With at least 33 sites located to Autism on its’ webpage, Global Autism Collaboration is truly a boon to the many suffering from this mental health disorder. Here they provide information about support groups, the disorder itself, as well as public education on autism and new research.
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You can help others, find help for your depression or anxiety issues, learn how to better manage your disorder, and join the ADAA. To have a voice with others is not to be alone with your anxiety and depression.
Suicide.org explains that suicide is never the answer, but getting help IS the answer.
Ran by Kevin Caruso, Suicide.org’s mission is to prevent suicides, support suicide survivors, and educate the public about suicide.
A mental health support community (abbreviated MILO) for those 1 in 4 living with these kinds of disorders. Of course, even 1 of a million is 1 too many, but at least there is help. They have forums, helplines, blogs, volunteer and shop in their store. Help others and help yourself!
The DAHMW is a nonprofit organization that helps men and women who are being abused by their spouses, boyfriends and girlfriends. Their mission is to provide crisis intervention and support services to those who are abused and to help find a way to stop domestic violence from happening in the first place.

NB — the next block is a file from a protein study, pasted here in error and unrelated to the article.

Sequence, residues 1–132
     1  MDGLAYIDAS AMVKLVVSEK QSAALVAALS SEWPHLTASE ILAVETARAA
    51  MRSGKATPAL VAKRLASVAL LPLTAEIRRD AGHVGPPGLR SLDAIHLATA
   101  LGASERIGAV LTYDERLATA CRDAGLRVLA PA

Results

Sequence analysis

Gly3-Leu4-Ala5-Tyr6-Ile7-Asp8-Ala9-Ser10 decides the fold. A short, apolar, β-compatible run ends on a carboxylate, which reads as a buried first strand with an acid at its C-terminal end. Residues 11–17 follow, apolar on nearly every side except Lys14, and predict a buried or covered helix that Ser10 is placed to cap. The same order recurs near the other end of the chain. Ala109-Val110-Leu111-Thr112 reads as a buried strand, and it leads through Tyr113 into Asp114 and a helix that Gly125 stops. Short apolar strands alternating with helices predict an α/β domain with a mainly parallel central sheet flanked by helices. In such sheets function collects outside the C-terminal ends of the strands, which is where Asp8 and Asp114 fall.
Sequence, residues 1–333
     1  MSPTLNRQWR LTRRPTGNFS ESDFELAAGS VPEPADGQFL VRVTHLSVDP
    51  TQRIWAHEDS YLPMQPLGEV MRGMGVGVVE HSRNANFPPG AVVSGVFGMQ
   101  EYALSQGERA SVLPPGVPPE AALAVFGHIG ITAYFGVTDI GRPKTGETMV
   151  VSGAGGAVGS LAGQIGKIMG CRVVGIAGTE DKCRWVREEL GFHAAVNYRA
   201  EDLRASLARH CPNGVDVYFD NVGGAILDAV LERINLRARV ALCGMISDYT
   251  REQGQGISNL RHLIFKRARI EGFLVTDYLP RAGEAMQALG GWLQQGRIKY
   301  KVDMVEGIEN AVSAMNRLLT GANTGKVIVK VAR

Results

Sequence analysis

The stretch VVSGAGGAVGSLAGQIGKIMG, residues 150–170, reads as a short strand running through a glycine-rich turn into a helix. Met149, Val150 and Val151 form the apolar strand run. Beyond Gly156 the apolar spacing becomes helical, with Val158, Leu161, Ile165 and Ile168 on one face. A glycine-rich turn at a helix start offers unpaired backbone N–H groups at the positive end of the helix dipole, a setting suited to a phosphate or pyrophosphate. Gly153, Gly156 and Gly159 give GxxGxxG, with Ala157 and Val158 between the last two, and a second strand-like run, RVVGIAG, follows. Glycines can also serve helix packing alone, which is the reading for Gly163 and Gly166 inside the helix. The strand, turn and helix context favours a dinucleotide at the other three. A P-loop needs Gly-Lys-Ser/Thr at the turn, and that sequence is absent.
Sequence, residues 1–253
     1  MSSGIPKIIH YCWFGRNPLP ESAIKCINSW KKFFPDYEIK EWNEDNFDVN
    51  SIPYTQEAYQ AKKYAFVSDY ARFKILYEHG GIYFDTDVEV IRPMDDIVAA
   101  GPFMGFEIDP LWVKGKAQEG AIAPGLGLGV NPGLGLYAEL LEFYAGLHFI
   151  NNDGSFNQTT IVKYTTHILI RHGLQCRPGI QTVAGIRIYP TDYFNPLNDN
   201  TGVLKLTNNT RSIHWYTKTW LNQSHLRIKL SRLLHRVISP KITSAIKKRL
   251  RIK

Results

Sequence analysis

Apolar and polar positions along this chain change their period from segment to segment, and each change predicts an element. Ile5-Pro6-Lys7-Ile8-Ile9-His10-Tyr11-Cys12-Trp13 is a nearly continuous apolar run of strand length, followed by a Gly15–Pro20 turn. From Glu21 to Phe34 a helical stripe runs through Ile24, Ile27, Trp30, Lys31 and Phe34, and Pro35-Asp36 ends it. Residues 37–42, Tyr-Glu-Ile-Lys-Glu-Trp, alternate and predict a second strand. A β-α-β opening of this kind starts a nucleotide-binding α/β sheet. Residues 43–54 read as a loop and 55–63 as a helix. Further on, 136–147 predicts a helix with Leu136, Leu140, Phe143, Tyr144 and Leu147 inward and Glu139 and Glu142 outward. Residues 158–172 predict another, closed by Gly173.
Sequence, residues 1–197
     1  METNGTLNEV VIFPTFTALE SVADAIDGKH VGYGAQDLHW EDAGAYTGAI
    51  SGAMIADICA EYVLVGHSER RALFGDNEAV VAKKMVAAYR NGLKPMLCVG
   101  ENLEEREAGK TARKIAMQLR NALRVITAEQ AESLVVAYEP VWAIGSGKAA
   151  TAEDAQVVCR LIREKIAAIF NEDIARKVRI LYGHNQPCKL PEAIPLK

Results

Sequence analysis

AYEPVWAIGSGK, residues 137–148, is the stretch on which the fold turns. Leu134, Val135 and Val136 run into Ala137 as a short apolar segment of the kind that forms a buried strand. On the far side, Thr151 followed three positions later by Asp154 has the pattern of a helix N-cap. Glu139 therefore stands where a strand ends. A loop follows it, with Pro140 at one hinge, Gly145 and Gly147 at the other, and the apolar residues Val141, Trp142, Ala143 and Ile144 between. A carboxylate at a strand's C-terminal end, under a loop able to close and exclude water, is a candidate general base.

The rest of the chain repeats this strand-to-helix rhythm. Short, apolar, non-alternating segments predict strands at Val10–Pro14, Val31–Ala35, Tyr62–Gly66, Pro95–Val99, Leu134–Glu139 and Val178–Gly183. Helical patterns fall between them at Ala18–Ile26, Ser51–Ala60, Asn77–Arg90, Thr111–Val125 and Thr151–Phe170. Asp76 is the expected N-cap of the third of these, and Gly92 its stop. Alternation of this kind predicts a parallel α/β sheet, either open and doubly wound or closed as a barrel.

The Alzheimer Research Forum Home is a one stop site for those who have to deal with the awful experience of alzheimers. What can a person or a family do? First step: knowledge is indeed power.
The Association for Prenatal & Perinatal Psychology and Health (APPPAH) helps benefit pregnant women and the overall general community by helping to expound on the field of birth psychology.
Have you seen the television show The Hoarders? Many people who watch this show may feel that this is just a very few people who experience such things, and those people on that show are not exactly “normal.” Well, unfortunately, this is more normal than most people think. Hoarding is very closely related to obsessive compulsive disorder, and there are people who have rooms and buildings and storage sheds that are full of items of things that they may never see again (or know they even have to begin with).